Discusses research exploring how widespread the reduction of neural activity is in the brain with chronic exposure to cocaine.
Describes research findings showing differences in protein concentrations in the brain pleasure centers of people who died from cocaine overdose as compared with those who did not abuse the drug.
Highlights NIDA-funded research to develop vaccines against addiction to drugs such as cocaine, nicotine, phencyclidine (PCP), and methamphetamine.
Remembers Henry I. "Hank" Yamamura, an eminent neuropharmacologist who pioneered radioligand binding assays, contributing valuable knowledge about neurotransmitter transporters and receptors.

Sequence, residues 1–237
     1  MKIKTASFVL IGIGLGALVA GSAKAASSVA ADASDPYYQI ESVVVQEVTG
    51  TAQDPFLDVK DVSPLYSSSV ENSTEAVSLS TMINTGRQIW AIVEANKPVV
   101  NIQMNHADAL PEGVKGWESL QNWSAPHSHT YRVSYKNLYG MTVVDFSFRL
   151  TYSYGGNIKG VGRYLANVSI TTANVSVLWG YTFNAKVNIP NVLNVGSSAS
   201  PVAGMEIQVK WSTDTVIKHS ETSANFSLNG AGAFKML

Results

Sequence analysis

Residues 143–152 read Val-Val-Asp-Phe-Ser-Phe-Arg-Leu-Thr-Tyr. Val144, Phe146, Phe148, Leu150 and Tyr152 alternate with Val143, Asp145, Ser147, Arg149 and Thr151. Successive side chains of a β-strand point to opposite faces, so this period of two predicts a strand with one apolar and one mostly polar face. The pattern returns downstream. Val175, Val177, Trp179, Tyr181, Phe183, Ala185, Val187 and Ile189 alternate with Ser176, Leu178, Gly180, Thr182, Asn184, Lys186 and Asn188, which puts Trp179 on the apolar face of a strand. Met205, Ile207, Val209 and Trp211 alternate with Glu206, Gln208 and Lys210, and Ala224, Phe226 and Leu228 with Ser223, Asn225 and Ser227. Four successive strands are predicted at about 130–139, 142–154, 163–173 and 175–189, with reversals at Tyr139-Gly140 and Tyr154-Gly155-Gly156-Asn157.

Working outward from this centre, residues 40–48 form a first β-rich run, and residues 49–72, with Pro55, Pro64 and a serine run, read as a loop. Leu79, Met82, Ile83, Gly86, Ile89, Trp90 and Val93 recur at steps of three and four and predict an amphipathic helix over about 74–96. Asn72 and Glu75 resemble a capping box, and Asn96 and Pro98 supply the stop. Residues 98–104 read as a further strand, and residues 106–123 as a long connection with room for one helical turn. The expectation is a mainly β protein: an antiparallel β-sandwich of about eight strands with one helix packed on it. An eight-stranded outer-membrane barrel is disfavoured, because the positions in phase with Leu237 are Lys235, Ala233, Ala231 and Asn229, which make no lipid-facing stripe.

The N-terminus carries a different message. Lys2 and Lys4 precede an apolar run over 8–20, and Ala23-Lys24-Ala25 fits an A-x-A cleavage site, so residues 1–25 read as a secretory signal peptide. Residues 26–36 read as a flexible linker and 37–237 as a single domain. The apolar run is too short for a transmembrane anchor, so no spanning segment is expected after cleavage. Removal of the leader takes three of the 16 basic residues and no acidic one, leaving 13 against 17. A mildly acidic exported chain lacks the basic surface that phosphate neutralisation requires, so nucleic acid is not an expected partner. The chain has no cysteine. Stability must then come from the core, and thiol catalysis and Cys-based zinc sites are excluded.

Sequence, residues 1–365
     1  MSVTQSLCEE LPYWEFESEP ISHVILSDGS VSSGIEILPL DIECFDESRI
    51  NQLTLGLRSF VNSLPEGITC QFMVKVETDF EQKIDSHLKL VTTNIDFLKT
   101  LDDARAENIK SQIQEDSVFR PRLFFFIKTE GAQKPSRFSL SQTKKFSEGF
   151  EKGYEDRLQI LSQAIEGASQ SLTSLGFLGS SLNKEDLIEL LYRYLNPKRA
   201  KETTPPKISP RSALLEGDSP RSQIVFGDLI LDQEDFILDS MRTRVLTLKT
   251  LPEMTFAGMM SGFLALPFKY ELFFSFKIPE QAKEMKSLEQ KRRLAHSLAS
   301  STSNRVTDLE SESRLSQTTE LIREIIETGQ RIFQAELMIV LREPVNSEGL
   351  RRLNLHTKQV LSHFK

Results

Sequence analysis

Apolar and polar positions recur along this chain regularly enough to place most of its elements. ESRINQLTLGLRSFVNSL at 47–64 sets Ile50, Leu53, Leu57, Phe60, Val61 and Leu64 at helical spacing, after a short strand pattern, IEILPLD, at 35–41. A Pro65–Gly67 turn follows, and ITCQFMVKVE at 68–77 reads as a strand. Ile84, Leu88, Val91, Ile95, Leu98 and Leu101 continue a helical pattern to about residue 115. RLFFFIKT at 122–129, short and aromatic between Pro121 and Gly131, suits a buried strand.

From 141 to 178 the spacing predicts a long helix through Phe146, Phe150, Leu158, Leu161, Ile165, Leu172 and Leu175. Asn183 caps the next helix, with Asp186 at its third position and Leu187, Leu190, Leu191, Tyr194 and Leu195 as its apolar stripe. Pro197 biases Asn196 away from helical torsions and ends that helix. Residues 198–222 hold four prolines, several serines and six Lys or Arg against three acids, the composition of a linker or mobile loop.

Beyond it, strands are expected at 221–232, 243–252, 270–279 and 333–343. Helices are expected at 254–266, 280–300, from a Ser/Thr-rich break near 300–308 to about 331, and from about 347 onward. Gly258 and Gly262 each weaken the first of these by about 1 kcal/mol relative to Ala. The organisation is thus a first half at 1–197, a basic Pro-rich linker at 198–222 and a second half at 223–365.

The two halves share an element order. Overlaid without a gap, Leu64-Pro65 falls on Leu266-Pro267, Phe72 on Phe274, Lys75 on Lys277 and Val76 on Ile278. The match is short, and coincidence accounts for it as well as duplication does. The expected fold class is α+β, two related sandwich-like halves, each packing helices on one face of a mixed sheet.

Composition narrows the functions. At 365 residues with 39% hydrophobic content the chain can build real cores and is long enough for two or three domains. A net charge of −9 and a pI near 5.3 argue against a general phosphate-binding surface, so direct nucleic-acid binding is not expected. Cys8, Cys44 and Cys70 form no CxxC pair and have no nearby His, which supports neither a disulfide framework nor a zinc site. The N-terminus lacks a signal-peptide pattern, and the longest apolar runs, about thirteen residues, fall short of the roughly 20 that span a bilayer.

Reports on an animal study showing that methadone, normally used as a therapy for opioid abuse, may prove to be an effective treatment for cocaine abuse.
Describes research findings demonstrating that the immune system participates in the shaping of brain circuits during a child's development, a finding that may shed light on the origins of neurodegenerative diseases.
Describes research to develop new compounds that match or exceed the pain relief provided by opioids while avoiding their shortcomings.
Describes new tools under development, including one to visualize cells deep in the brain and another one that remotely activates brain cells.
Announces the three winners of the NIDA and Scholastic Corporation 2008 Addiction Science Awards honoring high school students’ award-winning addiction-related projects.
Presents research findings linking 89 genes to drug abuse and dependence, found using genome-wide association studies, a new technique for identifying genes.